In a move that could change the lines of the debate, the European Parliament’s left and right have united to oppose the Council and Commission over Chinese market economy status. EurActiv France reports.
The European Parliament put on a rare show of unity yesterday (10 May), during a debate on whether to grant China market economy status (MES). “This unanimity is touching,” said Emmanuel Maurel, a French Socialist MEP (S&D).
Lawmakers from both sides of the chamber firmly opposed the plan to grant China a status that would allow it to contest European customs barriers.
MEPs have started to draw their red lines on whether the EU should recognise China as a ‘market economy’, ahead of a first orientation debate in the College of Commissioners on Wednesday (13 January).
The debate was initiated by the Socialists & Demoncrats. But the recent case of dumping in the steel sector has drawn more widespread attention to the questionable trading behaviour of Asia’s largest economy.
“The Commission had planned to ratify this step discretely in December,” said Edouard Martin, a French former trade unionist turned Socialist MEP.
Since the issue has been on the Parliament’s agenda, it has generated a tidal wave of opposition.
MEPs will vote on a resolution on the subject tomorrow (12 May). Their position will make life more difficult for the Council and the Commission, which are broadly in favour of officially recognising China as a market economy.
“Beware, we should be sceptical of lukewarm promises, said Franck Proust, a French Republican MEP (EPP group).
“The European Council says it want to grant the status and then establish safeguards. This is not a solution,” the trade specialist added.
China is used to getting its own way in dealings with EU member states. The only EU leader to have stood up to the Asian powerhouse so far is the Italian Prime Minister Matteo Renzi.
The stakes are high for Italy: its economy would be highly exposed in all seven of the sectors most affected by China’s potential change in status.
“The first one to stick their neck out will get it chopped off by the Chinese,” Martin said. Member states fear targeted retaliation measures if they do not give China what it wants.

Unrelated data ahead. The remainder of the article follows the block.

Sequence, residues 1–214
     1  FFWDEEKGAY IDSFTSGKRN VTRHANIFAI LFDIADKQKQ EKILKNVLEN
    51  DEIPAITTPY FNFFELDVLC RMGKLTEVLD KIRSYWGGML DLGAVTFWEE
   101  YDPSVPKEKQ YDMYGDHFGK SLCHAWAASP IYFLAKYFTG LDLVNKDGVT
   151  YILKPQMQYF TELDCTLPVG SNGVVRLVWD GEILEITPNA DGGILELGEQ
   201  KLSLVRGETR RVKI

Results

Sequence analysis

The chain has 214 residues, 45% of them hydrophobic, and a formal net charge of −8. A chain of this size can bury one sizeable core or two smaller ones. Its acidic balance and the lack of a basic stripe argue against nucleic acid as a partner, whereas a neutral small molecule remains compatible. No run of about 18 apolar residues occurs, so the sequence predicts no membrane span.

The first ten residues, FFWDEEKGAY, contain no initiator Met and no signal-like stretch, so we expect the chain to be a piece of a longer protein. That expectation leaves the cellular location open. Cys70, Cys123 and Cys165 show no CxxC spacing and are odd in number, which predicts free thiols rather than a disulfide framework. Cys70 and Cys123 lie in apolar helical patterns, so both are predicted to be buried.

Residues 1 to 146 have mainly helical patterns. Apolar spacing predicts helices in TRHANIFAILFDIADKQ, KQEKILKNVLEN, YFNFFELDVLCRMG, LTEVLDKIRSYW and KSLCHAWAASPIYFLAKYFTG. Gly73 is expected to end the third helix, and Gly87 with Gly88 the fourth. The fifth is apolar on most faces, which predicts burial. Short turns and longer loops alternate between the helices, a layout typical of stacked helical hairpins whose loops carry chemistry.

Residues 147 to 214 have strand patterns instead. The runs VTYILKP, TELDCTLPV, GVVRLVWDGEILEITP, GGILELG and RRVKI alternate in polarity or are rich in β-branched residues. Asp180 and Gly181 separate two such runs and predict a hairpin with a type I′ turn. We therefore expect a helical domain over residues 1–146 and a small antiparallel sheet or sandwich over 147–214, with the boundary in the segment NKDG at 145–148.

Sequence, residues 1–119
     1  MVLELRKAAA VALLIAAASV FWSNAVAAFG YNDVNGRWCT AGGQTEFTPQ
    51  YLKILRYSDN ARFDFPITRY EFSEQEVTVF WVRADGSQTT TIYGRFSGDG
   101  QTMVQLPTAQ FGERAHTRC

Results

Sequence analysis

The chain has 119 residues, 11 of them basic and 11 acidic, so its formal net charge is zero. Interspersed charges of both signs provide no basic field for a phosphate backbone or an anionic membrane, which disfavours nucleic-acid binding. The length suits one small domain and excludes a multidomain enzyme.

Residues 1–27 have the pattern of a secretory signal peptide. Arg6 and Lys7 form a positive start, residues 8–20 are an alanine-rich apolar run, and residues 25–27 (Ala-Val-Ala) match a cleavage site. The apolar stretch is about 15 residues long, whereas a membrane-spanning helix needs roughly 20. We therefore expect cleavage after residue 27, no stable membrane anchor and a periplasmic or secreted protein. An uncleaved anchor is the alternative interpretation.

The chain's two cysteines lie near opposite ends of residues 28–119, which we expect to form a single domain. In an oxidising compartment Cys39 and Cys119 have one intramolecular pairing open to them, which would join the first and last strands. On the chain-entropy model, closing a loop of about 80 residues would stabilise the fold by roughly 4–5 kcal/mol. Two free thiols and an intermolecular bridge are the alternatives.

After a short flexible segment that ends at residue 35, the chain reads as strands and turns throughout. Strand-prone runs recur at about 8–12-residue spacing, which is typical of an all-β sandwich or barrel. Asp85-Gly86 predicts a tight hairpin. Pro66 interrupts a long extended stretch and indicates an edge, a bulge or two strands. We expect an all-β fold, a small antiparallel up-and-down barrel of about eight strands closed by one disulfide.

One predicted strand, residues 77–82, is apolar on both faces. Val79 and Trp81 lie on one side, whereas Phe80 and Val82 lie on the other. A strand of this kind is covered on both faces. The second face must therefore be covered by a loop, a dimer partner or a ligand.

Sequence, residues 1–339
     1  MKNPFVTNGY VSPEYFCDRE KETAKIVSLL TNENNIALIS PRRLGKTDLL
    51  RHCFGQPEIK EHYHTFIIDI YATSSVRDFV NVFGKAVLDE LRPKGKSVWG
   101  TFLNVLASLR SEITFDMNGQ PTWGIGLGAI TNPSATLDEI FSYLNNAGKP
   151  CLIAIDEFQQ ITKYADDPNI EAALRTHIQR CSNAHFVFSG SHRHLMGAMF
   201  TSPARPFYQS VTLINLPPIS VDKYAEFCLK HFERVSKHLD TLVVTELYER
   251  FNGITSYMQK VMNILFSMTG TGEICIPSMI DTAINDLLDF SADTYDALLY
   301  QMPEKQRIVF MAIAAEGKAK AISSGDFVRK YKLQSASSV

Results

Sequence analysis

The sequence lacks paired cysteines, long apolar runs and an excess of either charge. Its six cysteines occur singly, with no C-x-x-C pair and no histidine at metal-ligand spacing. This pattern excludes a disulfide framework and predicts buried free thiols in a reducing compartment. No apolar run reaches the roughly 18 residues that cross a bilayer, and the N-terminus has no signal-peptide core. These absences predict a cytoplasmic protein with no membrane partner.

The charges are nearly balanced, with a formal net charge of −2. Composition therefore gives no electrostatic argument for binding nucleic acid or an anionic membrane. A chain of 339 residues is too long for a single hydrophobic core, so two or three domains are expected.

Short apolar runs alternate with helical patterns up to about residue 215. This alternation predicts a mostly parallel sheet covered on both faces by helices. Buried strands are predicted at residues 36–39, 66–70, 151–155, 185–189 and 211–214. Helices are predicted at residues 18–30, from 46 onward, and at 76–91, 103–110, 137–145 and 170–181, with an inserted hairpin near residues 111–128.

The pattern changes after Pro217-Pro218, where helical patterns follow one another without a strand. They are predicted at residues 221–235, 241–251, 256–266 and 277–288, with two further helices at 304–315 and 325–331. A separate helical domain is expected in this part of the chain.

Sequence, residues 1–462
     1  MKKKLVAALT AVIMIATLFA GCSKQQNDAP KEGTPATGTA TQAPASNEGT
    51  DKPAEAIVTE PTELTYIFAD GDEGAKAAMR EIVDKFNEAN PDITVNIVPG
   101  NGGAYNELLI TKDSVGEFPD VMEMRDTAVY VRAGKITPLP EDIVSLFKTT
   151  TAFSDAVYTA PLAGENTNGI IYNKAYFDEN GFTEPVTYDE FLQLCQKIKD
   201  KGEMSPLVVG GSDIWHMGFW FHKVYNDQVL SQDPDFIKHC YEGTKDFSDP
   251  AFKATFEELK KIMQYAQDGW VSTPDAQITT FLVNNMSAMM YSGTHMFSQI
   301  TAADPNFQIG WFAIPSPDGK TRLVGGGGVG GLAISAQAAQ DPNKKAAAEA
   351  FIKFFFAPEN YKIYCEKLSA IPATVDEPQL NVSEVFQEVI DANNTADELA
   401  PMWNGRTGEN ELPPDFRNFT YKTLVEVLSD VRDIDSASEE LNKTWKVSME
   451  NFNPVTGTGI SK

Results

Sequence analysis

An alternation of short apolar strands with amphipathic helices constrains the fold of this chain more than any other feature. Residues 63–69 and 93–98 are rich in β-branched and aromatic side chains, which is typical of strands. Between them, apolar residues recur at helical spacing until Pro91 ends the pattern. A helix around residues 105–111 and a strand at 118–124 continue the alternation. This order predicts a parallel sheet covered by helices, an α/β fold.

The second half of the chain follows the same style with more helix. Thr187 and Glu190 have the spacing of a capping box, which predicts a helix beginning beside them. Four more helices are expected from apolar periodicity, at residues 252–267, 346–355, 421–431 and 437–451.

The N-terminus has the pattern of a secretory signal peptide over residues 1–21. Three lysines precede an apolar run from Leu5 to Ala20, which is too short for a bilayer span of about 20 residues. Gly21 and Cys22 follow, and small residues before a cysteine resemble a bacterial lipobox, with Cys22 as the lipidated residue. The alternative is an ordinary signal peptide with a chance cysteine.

After the European Commission belatedly stepped in to protect Europe’s photovoltaic panel industry against Chinese dumping, French winemakers gained bitter experience of just how quickly the door to the Chinese market can close.
“We need to start organising the response already: we should put in place a compensation fund for the sectors that may be exposed, financed by a tax on Chinese products,” said Proust.
Trade ministers met on Tuesday (2 February) to weigh options presented by the European Commission on the thorny issue of granting China market economy status.
A graded response?
But this solution is not popular with the Netherlands, which currently holds the rotating Council presidency, and whose port of Rotterdam is highly dependent on Chinese trade. Like that of the United Kingdom, the Dutch economy is heavily oriented towards finance and services and does not have much industry to lose.
“As with other subjects, a new geographical divide is emerging: North-West against South-East Europe,” said Proust.
To avoid any diplomatic problems with China, the right wing French Republican party has proposed a graded response, including asking the WTO to deliver a reasoned opinion on the subject before ratifying anything. This would allow the EU to open a new observation period of one or two years.
On top of this graded response, the Republican MEP believes the EU should minimise the risk of retaliation by developing a common position with Japan and the United States.
In the 15 years since China joined the WTO, the reforms it promised have not taken place, and from a European point of view, unfair competition has continued in several sectors. Seven industrial sectors would be severely affected by unfair competition from China if it was granted market economy status, including wood, ceramics and bikes.
Chinese Ambassador to the EU, Yang Yanyi, has called on member states to moderate their tone and take a constructive attitude. In an op-ed published in EurActiv, Ambassador Yanyi said China is pushing through comprehensive reform and further opening up with the determination of a “warrior who cut off his wounded wrist to save his life”.
“For example, to effectively deal with the overcapacity problems of the steel industry, China has made unremitting efforts to control new capacity and eliminate outmoded capacity,” she wrote.
Looking ahead, China and the EU, who share the timely goal of transforming their growth models, should find ways to manage their differences in a constructive way and adopt new initiatives, writes Yang Yanyi.
EU relations with China were established in 1975 and are governed by the 1985 EU-China Trade and Cooperation Agreement and seven other legally binding agreements.
Besides the annual meeting of the countries' leaders, the main three pillars are the High Level Economic and Trade Dialogue (launched in 2007), the Strategic Dialogue (2010) and the High Level People-to-People Dialogue (2012).
The EU is China's biggest trading partner, while China is the EU's largest source of imports and second largest two-way trading partner. Rising trade and financial flows between the EU and China in the last decade have considerably heightened their economic interdependence.
The EU remains China's biggest trading partner while China is the EU's second largest trading partner.
In 2012, the European and Chinese leaders agreed to intensify technical discussions to begin negotiations on an investment agreement "as soon as possible".
- December 2016: WTO to re-examine China's terms of membership and decide whether or not to grant market economy status.